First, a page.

Building Britain British construction, now and in the

April 2015 · 26
Building Britain
British construction, now and in the future
By Alan Manuel, Deputy Managing Director – Europe, Sweett Group
T: 02070619000 Website:
Construction is a hugely important sector for UK plc, employing over three million people and
contributing £93bn to the economy each year, 7% of GDP. The recovery which began two years ago
is now felt in most key regional cities, led by renewed housebuilding and helped by infrastructure
mega-projects such as Crossrail.
But while the UK construction industry has rebounded strongly from the global financial crisis, major
challenges lie ahead in the short-to-medium term. The last recession was the deepest and longest in
living memory, and its legacy will be pronounced. We’re witnessing a return to the capacity issues of
the boom period much earlier than expected, with output still far below the 2007 peak of £104.1bn.
Already a massive shortage of skilled labour is hampering project delivery, after a generation left the
industry for good. Efforts to address this through apprenticeships and recruitment drives have
commenced, but it will be a difficult four years before they come to fruition.
As a result, prices will inevitably rise faster than inflation – a challenge for developers and a danger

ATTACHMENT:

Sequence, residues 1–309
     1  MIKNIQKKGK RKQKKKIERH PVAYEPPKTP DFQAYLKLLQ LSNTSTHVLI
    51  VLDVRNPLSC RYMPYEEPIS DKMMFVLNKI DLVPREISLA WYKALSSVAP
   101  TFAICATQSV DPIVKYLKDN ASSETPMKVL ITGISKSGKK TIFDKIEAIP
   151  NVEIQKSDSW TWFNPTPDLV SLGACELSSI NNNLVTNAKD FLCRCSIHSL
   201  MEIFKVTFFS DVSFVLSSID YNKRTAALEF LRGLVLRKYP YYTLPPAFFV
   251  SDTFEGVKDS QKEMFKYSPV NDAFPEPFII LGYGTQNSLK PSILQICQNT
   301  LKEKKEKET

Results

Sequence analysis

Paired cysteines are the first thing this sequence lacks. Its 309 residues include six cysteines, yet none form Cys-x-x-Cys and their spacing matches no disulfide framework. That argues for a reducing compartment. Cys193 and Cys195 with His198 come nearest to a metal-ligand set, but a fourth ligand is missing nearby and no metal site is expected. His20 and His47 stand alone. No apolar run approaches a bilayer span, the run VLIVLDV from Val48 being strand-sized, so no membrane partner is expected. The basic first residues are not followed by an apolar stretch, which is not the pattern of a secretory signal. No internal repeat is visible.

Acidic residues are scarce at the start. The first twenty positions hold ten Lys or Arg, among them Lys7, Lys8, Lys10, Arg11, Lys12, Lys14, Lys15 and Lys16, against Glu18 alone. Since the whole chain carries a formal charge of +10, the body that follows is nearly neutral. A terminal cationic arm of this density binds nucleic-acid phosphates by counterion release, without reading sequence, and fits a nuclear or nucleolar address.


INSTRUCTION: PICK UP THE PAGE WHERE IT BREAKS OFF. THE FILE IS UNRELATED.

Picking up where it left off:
to cash-strapped contractors. Most entered the recession wealthy; many emerged with their
reserves drained. They may still be posting profits, but their balance sheets are fragile. Firms that
took on projects in leaner times at tight margins must now deliver them in an aggressively rising
market. We’ve already seen large sub-contractors and regional contractors go under and they will
not be the last.
As the market picks up, contractors are exercising considerable discretion in bidding for projects,
favouring those that can be won relatively quickly and shunning slow, multi-stage tenders. It can
cost millions just to bid for major schemes – these are the ones that may not get off the ground.
This includes public-sector projects, which will hinder the government’s efforts to drive more
integrated project teams and new technologies through its own procurement process. A clear
pipeline would make a major difference, giving contractors the confidence to invest. This is what the
government has tried to provide with the Construction 2025 strategy and the National Infrastructure
Plan, but now it must deliver to them.
The outcome of the general election is another key area of uncertainty, with the future of major
projects such as HS2 to be confirmed. Added to this is the possibility of a referendum on EU
membership, which will cause investment decisions to be put on hold, as Scotland’s recent
experience demonstrates.
One factor that could help to relieve the skills shortage is the arrival of new players from abroad. As
in the aftermath of previous recessions, the growing UK market is attractive to foreign contractors
and the diversity of the supply chain makes it a relatively easy target. The last wave from France,
Spain, Germany and Sweden has driven consolidation and led to fundamental change. This will no
doubt continue, but Chinese contractors too are now seeking to enter the UK on the back of wellresourced developers. It’s a proven model for contractors from Europe – the only difference is
Given the importance of construction to the economy, it’s surprising that it’s not given greater
prominence in the party manifestos. But even if the politicians aren’t looking our way, you can bet
that hungry players from overseas are.